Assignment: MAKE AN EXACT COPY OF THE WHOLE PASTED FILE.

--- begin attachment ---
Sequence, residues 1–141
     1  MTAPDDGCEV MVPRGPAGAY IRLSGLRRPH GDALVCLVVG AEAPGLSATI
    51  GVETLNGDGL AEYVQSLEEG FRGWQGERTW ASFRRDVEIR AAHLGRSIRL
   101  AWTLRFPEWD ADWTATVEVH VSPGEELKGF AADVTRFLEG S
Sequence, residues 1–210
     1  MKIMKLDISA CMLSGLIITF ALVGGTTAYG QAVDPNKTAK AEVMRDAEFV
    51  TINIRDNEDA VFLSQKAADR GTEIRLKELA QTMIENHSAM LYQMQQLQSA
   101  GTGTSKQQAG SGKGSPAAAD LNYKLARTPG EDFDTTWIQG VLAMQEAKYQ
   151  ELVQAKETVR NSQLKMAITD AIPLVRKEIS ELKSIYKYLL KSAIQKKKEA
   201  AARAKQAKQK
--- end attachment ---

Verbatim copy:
Sequence, residues 1–141
     1  MTAPDDGCEV MVPRGPAGAY IRLSGLRRPH GDALVCLVVG AEAPGLSATI
    51  GVETLNGDGL AEYVQSLEEG FRGWQGERTW ASFRRDVEIR AAHLGRSIRL
   101  AWTLRFPEWD ADWTATVEVH VSPGEELKGF AADVTRFLEG S
Sequence, residues 1–210
     1  MKIMKLDISA CMLSGLIITF ALVGGTTAYG QAVDPNKTAK AEVMRDAEFV
    51  TINIRDNEDA VFLSQKAADR GTEIRLKELA QTMIENHSAM LYQMQQLQSA
   101  GTGTSKQQAG SGKGSPAAAD LNYKLARTPG EDFDTTWIQG VLAMQEAKYQ
   151  ELVQAKETVR NSQLKMAITD AIPLVRKEIS ELKSIYKYLL KSAIQKKKEA
   201  AARAKQAKQK